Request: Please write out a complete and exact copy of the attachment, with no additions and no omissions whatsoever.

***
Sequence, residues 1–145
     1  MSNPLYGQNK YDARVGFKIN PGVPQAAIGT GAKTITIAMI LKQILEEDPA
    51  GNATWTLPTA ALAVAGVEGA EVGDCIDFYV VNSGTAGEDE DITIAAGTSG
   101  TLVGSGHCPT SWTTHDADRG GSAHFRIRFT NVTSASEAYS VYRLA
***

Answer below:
Sequence, residues 1–145
     1  MSNPLYGQNK YDARVGFKIN PGVPQAAIGT GAKTITIAMI LKQILEEDPA
    51  GNATWTLPTA ALAVAGVEGA EVGDCIDFYV VNSGTAGEDE DITIAAGTSG
   101  TLVGSGHCPT SWTTHDADRG GSAHFRIRFT NVTSASEAYS VYRLA